Friday, August 26, 2011

Galatians 4:1-11

1 Now I say, as long as the heir is a child, he does not differ at all from a slave although he is owner of everything,
2 but he is under guardians and managers until the date set by his father.
3 So also we, while we were children, were held in bondage under the elemental things of the world.
4 But when the fullness of the time came, God sent forth His Son, born of a woman, born under the Law,
5 so that He might redeem those who were under the Law, that we might receive the adoption as sons.
6 Because you are sons, God has sent forth the Spirit of His Son into our hearts, crying, “Abba!  Father!”
7 Therefore you are no longer a slave, but a son; and if a son, then an heir through God.
8 However at the time, when you did not know God, you were slaves to those which by nature are no gods.
9 But now that you have come to know God, or rather to be known by God, how is it that you turn back again to the weak and worthless elemental things, to which you desire to be enslaved all over again?
10 You observe days and months and seasons and years.
11 I fear for you, that perhaps I have labored over you in vain.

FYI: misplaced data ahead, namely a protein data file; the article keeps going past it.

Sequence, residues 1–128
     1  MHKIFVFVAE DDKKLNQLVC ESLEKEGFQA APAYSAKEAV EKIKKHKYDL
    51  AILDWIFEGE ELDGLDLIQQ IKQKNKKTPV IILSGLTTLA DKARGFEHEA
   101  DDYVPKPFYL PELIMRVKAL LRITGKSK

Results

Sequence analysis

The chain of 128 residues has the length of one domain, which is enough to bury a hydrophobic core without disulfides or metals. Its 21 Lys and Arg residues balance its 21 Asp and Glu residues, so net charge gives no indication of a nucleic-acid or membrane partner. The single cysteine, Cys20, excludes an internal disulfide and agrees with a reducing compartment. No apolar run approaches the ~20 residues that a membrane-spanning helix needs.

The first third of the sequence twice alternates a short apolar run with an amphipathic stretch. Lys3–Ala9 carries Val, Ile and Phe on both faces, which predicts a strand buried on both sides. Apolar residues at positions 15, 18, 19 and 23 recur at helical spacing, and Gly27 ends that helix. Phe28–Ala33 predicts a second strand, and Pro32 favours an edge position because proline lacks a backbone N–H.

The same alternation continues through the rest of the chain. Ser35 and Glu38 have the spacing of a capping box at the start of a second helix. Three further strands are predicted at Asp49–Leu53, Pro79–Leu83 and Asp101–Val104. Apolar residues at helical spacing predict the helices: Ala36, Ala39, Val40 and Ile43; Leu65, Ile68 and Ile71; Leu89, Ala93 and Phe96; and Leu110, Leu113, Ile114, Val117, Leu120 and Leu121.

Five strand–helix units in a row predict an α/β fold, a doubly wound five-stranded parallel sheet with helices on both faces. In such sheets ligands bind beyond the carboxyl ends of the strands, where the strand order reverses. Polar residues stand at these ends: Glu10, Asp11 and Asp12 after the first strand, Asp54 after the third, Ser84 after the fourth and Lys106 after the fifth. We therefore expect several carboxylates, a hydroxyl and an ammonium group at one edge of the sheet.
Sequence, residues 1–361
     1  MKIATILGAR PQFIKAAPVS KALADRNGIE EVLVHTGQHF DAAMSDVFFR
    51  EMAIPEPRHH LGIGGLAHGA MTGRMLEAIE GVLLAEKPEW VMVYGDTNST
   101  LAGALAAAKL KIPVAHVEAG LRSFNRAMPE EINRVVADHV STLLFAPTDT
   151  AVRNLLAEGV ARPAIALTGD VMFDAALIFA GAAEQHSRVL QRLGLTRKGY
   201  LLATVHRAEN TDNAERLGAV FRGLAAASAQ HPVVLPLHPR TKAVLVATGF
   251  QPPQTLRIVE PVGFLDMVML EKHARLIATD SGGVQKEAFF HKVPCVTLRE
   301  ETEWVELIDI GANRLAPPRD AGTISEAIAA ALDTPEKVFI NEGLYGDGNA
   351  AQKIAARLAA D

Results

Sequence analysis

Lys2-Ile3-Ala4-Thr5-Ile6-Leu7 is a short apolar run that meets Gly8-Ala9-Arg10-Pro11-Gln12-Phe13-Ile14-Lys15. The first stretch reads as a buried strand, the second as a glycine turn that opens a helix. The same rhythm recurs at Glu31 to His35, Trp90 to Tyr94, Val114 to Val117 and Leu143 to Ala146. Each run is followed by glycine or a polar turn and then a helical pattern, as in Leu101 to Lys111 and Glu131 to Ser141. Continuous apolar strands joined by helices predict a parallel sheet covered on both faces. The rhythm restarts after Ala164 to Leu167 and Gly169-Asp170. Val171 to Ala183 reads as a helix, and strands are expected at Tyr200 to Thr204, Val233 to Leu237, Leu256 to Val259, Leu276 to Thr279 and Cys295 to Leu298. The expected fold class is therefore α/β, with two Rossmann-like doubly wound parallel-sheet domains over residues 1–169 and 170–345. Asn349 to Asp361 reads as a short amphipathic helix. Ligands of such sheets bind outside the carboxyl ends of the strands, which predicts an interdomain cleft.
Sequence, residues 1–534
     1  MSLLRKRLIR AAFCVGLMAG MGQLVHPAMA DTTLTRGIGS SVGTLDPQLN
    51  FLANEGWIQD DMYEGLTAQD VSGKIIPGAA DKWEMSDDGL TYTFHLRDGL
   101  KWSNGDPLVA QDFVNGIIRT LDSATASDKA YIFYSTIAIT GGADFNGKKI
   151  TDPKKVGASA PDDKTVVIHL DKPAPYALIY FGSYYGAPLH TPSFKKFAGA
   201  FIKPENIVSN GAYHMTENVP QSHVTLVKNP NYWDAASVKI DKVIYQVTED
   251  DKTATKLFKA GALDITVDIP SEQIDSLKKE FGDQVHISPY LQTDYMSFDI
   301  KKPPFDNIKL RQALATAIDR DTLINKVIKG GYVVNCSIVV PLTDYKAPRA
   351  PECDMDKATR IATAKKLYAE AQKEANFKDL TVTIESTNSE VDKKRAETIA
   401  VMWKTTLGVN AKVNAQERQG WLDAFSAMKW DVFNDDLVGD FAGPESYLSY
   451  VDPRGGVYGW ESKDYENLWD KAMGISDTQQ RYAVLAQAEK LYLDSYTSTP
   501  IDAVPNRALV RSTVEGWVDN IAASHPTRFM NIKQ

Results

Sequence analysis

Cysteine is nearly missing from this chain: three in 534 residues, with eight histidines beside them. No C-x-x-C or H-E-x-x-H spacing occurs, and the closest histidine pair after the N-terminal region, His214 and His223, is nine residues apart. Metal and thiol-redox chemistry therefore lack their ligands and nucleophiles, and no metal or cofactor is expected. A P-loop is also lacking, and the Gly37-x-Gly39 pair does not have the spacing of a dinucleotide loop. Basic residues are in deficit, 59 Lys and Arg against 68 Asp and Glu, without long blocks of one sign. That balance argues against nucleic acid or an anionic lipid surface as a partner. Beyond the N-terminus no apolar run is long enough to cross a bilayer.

In verses 1-3 of today’s passage, Paul uses a “human terms” analogy to describe how we are not the slaves of a Rich Man, but his children.  However, notice that it says we were children (verse 3); this does not mean that we are no longer His sons and daughters, but rather that we are grown and mature…or, at least are supposed to be.  1 Corinthians 14:20 tells us, “Brethren, do not be children in your thinking; yet in evil be infants, but in your thinking be mature,” and Ephesians 4:13 states (starting mid-sentence), “until we all attain to the unity of the faith, and of the knowledge of the Son of God, to a mature man, to the measure of the stature which belongs to   the fullness of Christ.”  I’d like to share three key passages that reveal to us how to mature in Christ – to study His word, and to purge sin from our lives:  1 Corinthians 3:1-3 “And I, brethren, could not speak to you as to spiritual men, but as to men of flesh, as to infants in Christ.  I gave you milk to drink, not solid food; for you were not yet able to receive it.  Indeed, even now you are not yet able, for you are still fleshly.  For since there is jealousy and strife among you, are you not fleshly, and are you not walking like mere men?”  Hebrews 5:11-14 “Concerning him [Christ] we have much to say, and it is hard to explain, since you have become dull of hearing.  For though by this time you ought to be teachers, you have need again for someone to teach you the elementary principles of the oracles of God, and you have come to need milk and not solid food.  For everyone who partakes of only milk is not accustomed to the word of righteousness, for he is an infant.  But solid food is for the mature, who because of practice have their senses trained to discern good and evil.”  1 Peter 2:1-3 “Therefore, putting aside all malice and all deceit and hypocrisy and envy and all slander, like newborn babes, long for the pure milk of the word, so that by it you may grow in respect to salvation, if you have tasted the kindness of the Lord.”